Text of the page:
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This is a place to share knowledge related to 1/12th scale racing. It is not to be used for conversations.

Click links to go to manufacturer product page. If any are missing please add them!

Pre-mounted tires readily available in the US:
Pre-mounted tires readily available in the Europe:
  • Hot Race ??

Gluing your own donuts:
https://www.youtube.com/watch?v=hm7z1rz-74s - Special thanks to Edward Pickering!
Truing tires:
https://www.youtube.com/watch?v=8wqHOLWq6Uc - Special thanks to Edward Pickering!

The following information came from HERE, with some editing and information added. Thanks Christian!


BSR, CRC, Jaco:
Pro One is no longer selling to the public, but it and the brands above are all mounted by BSR and use the same foam. The nomenclature of the BSR vs Jaco/CRC is a little different in a few instances but is otherwise the same. The BSR foam consists of three families, and can be identifed as synthetics, naturals, and blends.

Synthetics - The old school, light weight, easy to true "dry feeling" tires. These include tires like CRC/Jaco Yellow (BSR White), Black, Gray, etc. These tires offer the highest wear rate and lowest grip. Many racers continue to use these nder high bite conditions.

Naturals - These tires are usually the best alternative for low bite and asphalt. They include Pink, Magenta, Double Pink, Lilac (BSR Team Purple), Purple, and other tires. These tires provide a ton of grip, but tend to get sticky in high bite conditions. This rubber does not wear as easily, and the cars will pick up gunk and fibers from the carpet under most high bite conditions. This is especially bad if the humidity is high.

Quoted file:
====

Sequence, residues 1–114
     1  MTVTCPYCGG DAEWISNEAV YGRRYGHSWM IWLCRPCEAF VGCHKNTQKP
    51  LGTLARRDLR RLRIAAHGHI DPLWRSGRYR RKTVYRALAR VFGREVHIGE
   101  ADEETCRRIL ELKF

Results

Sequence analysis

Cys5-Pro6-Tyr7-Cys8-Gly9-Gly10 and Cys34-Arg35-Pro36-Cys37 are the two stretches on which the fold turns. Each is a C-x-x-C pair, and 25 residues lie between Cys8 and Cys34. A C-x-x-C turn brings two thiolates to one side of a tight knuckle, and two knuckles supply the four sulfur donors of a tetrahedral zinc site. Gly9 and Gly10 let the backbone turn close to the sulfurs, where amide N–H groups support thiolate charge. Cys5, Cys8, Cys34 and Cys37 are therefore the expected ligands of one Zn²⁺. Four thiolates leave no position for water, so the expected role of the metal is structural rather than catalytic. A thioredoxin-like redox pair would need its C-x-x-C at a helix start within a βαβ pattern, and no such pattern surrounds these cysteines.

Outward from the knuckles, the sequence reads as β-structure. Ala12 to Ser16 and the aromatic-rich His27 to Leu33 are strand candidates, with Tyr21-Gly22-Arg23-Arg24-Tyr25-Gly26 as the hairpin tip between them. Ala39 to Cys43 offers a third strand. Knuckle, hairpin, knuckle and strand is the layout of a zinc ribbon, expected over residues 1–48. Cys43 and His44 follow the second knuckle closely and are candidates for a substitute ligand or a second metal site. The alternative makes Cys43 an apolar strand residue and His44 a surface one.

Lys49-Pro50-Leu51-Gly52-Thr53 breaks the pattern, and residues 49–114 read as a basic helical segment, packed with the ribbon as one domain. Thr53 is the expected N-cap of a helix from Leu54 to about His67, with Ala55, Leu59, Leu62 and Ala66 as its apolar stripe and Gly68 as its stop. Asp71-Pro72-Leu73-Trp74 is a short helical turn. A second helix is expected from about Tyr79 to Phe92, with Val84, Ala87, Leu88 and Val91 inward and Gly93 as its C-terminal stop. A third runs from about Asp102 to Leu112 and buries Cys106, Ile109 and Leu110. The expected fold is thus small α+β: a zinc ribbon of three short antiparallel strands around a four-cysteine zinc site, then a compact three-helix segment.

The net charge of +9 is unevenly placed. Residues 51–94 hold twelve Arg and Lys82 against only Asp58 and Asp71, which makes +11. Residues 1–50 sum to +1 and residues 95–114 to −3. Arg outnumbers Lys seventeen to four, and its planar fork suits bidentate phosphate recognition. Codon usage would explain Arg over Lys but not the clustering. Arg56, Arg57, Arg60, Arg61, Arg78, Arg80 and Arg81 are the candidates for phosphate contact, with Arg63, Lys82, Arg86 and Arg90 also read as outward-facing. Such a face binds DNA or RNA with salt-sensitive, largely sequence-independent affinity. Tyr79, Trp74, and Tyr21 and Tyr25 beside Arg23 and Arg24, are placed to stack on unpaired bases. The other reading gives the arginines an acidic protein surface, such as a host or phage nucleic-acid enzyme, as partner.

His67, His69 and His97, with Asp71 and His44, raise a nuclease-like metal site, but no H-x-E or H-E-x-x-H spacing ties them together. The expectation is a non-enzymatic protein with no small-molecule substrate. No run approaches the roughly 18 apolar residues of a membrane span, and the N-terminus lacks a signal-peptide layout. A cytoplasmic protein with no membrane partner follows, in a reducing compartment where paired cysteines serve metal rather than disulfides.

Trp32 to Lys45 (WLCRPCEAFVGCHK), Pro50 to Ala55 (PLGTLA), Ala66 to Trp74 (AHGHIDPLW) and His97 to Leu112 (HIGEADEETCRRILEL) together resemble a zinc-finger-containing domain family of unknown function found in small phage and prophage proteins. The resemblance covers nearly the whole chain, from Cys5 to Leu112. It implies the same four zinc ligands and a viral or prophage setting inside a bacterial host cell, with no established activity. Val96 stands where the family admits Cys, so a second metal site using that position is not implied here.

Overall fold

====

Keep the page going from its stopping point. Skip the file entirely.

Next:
Blends - These are the tires most people run today. They were initially called "JFT foam" by some, as it was believed that the tires were the same as the JFT tires. We can divide the blends further into two groups: high rubber and low rubber content. The high rubber would be the new rear Orange and Red from the BSR family, and the low rubber would be the Green and Blue varieties. When, asked about the difference, John Foister from BSR Tires said they came from the same "family" of foam, but they offered different grip. According to John, the Green/Blue has more bite than Orange/Red, but from track testing Oranges offer more bite than Green (being equivalent to in hardness) when the grip is high and absolutely no grip when it is lower. The Orange foam has a denser pore structure and the tire is not as prone to chunking. It is also important to note is that BSR Blue rears are not the same as the BSR Blue fronts!

JFT stands for Japan Foam Tire. They started the new wave of foam tires we are all using now (Blue/Blu, Green/Greene, Dbl Blue, etc). These tires are a little different than the BSR tire family, but work in very similar conditions. They offers four varieties A (asphalt), C (carpet), S (???), and R (???). This does not mean that those types only work on that surface, but this is what they recommend.

JFT uses the same foam for fronts and rears if the color is the same.

A: Used on asphalt, considered close to the natural rubber variety and are named consistently with other natural tires.
C: Used on carpet, considered a blend.
S: Used on carpet?, tires are ???
R: Used on carpet?, tires are ???

For setup, the JFT foam seem to generate more bite than the BSR, therefore the car tends to be a little more aggressive.

Ulti is another Japanese brand that offers an array of compounds. They have their own way of rating tires, and are difficult to equate to other brands. They have 4 different varieties, each in varying degrees of hardness.